Resveratrol (aka Red Wine Pills) - Too Soon To Tell
By: Stephanie Clarke, MS, RD and Willow Jarosh, MS, RD
The idea of a pill that can prevent Alzheimer’s, prevent and treat cancer, slow aging, decrease inflammation, reduce the risk of stroke, and even reduce the negative effects of a high fat diet is incredibly exciting. These are some of the claims that manufacturers of red wine pills and resveratrol pills are making. Over the past year, resveratrol pills have made a surge into many stores and all over the internet, following several studies that indicated that mice fed resveratrol lived longer, healthier lives. These pills may seem too good to be true – and for good reason, little is known about the effects of resveratrol on humans. Read on to get the facts on resveratrol and resveratrol pills.
What is resveratrol?
Resveratrol, while often associated with the health benefits of red wine because of its presence in the skin of red grapes, is found in a variety of plants including raspberries, peanuts, white pine, and cranberries. It’s actually produced by these plants as a defense against bacteria or fungal infection. The amount of resveratrol in food varies greatly. In fact, Spanish red wines can have more than twice the resveratrol of Pinot Noir because of the difference in grapes used.
What the studies say
Several major studies conducted in the past couple years have created quite a buzz about resveratrol. One study found that middle aged subjects fed a high fat diet were less likely to die early (or develop diabetes) if they took large doses of resveratrol. Another study found that subjects eating a high fat diet along with large resveratrol doses had lower insulin levels (associated with lower risk of heart disease and diabetes), could run twice as far, and weighed nearly the same as subjects on a regular diet who did not receive resveratrol. The big catch is, the “subjects” in all the resveratrol studies so far have been mice. There is no data available as to how taking resveratrol affects humans.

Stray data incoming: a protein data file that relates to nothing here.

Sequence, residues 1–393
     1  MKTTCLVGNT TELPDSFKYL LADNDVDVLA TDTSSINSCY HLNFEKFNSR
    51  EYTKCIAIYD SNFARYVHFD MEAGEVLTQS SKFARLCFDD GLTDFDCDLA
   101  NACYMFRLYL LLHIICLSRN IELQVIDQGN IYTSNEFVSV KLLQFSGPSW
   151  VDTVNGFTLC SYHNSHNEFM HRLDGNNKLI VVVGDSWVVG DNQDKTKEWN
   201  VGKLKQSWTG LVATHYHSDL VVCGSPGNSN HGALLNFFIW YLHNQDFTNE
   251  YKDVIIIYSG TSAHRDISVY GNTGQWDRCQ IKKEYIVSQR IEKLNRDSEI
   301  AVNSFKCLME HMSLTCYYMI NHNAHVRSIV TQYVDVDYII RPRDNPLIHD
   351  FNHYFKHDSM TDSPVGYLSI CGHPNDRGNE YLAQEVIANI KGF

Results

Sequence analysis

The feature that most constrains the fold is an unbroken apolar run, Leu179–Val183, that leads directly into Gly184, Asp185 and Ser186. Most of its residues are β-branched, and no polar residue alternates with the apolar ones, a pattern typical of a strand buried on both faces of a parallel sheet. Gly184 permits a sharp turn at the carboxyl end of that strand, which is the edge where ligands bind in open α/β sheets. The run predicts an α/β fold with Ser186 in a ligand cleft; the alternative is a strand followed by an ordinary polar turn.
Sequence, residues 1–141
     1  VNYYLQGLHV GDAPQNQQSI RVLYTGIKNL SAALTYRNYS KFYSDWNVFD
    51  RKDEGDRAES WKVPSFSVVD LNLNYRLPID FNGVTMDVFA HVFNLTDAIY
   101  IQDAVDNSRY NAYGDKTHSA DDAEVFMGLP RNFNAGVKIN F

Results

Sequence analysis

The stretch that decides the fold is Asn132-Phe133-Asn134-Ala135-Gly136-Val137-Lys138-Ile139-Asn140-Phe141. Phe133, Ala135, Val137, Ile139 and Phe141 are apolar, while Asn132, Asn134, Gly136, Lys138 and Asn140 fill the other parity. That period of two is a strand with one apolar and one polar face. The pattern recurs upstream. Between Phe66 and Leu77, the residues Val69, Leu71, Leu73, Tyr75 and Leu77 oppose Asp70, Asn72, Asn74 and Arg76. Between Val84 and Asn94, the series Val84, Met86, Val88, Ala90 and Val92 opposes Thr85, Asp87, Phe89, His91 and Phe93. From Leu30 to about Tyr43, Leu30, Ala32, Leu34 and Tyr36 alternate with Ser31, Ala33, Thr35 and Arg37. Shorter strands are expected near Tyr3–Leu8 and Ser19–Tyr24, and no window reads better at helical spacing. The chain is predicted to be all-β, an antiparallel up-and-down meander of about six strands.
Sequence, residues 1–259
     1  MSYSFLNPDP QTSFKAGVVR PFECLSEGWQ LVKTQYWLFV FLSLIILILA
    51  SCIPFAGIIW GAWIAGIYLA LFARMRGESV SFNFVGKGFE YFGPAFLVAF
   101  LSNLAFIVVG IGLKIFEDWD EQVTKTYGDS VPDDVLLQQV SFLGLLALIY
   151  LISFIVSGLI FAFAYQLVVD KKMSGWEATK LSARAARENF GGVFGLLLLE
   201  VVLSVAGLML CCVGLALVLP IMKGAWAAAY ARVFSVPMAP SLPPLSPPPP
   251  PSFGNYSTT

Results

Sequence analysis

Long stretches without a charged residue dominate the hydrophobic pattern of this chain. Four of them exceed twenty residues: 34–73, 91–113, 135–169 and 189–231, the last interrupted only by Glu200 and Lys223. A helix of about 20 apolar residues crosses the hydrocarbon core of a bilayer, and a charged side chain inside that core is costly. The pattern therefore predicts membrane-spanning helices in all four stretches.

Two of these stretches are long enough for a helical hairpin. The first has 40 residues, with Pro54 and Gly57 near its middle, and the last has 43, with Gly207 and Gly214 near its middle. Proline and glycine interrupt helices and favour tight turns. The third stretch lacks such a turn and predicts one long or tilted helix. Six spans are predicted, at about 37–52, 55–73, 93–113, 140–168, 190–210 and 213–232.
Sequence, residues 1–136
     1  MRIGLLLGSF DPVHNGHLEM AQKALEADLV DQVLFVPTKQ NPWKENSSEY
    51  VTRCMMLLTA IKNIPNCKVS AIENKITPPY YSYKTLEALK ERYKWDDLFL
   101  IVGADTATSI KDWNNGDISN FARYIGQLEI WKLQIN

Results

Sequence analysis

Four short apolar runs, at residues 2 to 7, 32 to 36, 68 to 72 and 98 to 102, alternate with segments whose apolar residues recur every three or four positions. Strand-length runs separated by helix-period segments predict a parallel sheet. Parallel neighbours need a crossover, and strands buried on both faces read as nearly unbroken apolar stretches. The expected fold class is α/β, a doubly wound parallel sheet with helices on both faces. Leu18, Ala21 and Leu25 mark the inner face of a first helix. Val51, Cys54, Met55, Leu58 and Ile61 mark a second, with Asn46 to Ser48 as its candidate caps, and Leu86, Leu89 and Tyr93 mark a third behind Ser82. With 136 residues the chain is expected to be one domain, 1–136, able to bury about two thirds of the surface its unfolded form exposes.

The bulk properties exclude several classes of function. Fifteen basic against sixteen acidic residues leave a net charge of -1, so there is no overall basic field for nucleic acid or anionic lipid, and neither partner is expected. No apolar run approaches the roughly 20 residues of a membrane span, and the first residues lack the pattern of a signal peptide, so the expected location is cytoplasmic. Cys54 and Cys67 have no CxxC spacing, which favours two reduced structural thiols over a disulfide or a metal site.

Resveratrol supplement recommendations
The potential health benefits of resveratrol are exciting – and could hold promise in the future. However since there aren’t studies in humans, it’s impossible to say how much resveratrol is needed to create health benefits… or even IF resveratrol supplements will have health benefits in humans at all. Another thing to consider is that while we don’t have studies to show the benefits of resveratrol in humans, we also don’t know if there are any dangers to taking high doses of resveratrol in the short or long terms. For instance, it’s recommended that women with a history of estrogen-sensitive cancers not take resveratrol supplements because they could have an estrogen-like affect on the body.
Wine vs. resveratrol pills
Originally, scientists began looking at resveratrol’s potential health benefits because of its existence in red wine. Red wine had been linked to The French Paradox (French people have lower rates of heart disease even though they eat relatively high amounts of saturated fat and smoke more than Americans) that pointed out that moderate consumption of alcoholic beverages may be associated with a decreased rate of heart disease. But, it’s still unclear exactly what about moderate alcohol consumption, or specifically wine consumption, provides the health benefits. And if you look at the amount of resveratrol the mice in the studies were given, it translates to a 130 pound person drinking about 650 bottles of red wine daily!
The bottom line
The potential of resveratrol supplements is exciting – but it’s too early to tell if they’re safe or not and in what doses. Until there are more human studies and concrete recommendations, it’s best to steer clear of resveratrol supplements. If you already drink red wine, do so moderately (2, 5-ounce glasses a day for men, 1 glass for women) and if you don’t, there’s currently no indication that taking up drinking will bring health benefits. And, of course, protect your heart with a healthy diet and daily physical activity.
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